From a technical perspective, we can see that the blue trendline has historically been support for the market which has typically rallied after reaching this point. Currently the market is near this trendline, so we remain hopeful that most of the selling has dissipated. Image source: Strategas
What options do you have when you change jobs? Some people think that if they change jobs they have to take the funds out of the plan and pay heavy taxes (and in some cases, penalties) to the government. This is not your only option. In fact, that is probably your worst option.
Other options to consider when you change jobs as it pertains to your retirement funds:
Leave it in the plan of the company you left
- You might be happy with your investments offered and fees could be lower than other options
- If your balance is over $5,000 you can leave it in the plan
- One factor to consider when thinking about this option: check to see if the plan forces terminated participants to pay fees (sometimes the company pays a larger portion for current employees but once terminated you could have to pay the full fees)
Roll it over to your new company’s plan
- The majority of companies allow the rollover of funds into their plans
- Ask your new HR person if their plan allows incoming rollovers
Roll it over to an IRA in your name
- If you don’t want to leave the funds in the plan where you formerly worked and your new company plan won’t accept a rollover, look into setting up an IRA that you could roll the funds into.
In summary, when you get a new job, while this is an exciting time, don’t forget about your retirement funds and smart planning in that area.
Retirement plan assets, whether part of an employer qualified retirement plan or an IRA, comprise one of the largest sources of wealth for many individuals. Because if may be the largest asset to be passed on to heirs upon the individual’s death, and the potential tax implications that arise when distributions are made from such accounts, it is important to review and analyze one’s beneficiary designations for these accounts to determine if they are or remain the best selection.
For married individuals in a traditional family setting, the most popular and most likely the best selection is to simply name one’s spouse as the primary beneficiary. A major benefit associated with this choice is the opportunity to defer the beginning date for the withdrawal of taxable distributions after the owner’s/participant’s death to the later of (1) the year in which the IRA owner/plan participant turns age 70 ½, and (2) the year in which the beneficiary spouse turns age 70 ½. The latter deferral date would require the surviving spouse to rollover the account balance to his or her own IRA account. In the case of an IRA, this can also be accomplished by having the surviving spouse “deem” the deceased spouse’s IRA as his or her own. It is important to remember that while naming one’s spouse as the sole primary beneficiary of retirement assets provides the most flexibility and opportunity for income tax savings, the IRA owner/participant will be giving up control of naming a secondary beneficiary of those retirement assets upon the surviving spouse’s death as well as the ability to control or limit the amount of account withdrawals that can be taken from the account over a given length of time.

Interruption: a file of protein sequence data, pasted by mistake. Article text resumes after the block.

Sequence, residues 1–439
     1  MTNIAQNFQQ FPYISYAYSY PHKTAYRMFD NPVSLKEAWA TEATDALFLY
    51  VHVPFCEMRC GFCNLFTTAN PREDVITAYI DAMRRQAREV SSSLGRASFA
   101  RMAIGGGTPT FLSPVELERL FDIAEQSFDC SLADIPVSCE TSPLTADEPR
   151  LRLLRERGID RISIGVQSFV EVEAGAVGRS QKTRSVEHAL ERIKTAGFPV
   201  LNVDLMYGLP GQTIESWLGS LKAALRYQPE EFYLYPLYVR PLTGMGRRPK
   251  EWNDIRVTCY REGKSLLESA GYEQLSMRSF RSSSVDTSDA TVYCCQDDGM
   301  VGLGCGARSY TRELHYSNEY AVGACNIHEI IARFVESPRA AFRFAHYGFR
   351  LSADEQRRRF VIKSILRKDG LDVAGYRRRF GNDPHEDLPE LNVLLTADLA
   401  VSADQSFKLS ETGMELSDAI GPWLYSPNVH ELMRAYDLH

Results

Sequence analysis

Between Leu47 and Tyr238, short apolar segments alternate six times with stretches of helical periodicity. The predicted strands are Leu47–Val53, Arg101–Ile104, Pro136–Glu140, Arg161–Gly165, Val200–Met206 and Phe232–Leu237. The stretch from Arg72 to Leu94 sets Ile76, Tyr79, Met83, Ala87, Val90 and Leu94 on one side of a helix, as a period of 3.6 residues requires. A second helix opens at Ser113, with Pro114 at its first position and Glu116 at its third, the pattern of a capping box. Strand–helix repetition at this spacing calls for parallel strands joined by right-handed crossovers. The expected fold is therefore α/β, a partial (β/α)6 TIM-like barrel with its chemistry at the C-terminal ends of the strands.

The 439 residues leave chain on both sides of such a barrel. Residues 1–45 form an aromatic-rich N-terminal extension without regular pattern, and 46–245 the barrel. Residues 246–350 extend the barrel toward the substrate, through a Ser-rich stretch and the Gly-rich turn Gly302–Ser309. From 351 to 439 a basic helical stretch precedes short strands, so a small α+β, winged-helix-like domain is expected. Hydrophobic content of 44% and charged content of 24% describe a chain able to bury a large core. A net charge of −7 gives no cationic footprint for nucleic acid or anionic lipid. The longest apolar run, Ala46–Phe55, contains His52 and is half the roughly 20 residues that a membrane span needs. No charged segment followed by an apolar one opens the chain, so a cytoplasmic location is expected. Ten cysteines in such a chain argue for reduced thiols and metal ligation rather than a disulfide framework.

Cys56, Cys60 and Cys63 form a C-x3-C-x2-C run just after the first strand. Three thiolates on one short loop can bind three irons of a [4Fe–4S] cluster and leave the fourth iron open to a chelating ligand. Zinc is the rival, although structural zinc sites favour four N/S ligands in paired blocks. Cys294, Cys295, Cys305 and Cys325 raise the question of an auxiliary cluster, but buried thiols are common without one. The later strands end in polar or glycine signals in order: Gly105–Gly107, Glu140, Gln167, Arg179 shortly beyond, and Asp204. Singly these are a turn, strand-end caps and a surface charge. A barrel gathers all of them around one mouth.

In the event the owner/participant is not married, of if the owner/participant has children from another marriage, the choice of an appropriate beneficiary becomes more difficult. In those situations, overall protection of the retirement assets, including control over the amount of withdrawals will most likely take priority over potential income tax savings (or, as I like to say: “Don’t let taxes be the tail that wags the dog”). In these situations, the more appropriate primary beneficiary may be a trust. That trust if often one that is part of the owner’s/participant’s existing estate plan that is also intended to hold non-retirement assets after death.
As mentioned above, benefits of naming a trust as the beneficiary of retirement assets include:
- Ability to control the ultimate beneficiaries of the retirement assets until throughout the entire account is distributed
- Ability to control the amount of withdrawals that may be taken, either in amount or by purpose, or both
- Ability to accumulate required minimum distributions in excess of immediate individual beneficiary needs
Although designating a trust as the beneficiary of retirement assets may be motivated by non-tax reasons, it is nonetheless important to properly structure the trust arrangement to provide the most beneficial tax treatment to the ultimate trust beneficiaries. The regulations governing the timing and amount of required minimum distributions that are made to trust beneficiaries can be complicated and it is best to include specific provisions addressing the administration of retirement assets in the underlying trust agreement. For that reason, it is recommended that the owner/participant utilize the services of an estate planning attorney with specialized knowledge of these regulations to draft such documents to make sure any issues in this area are properly addressed.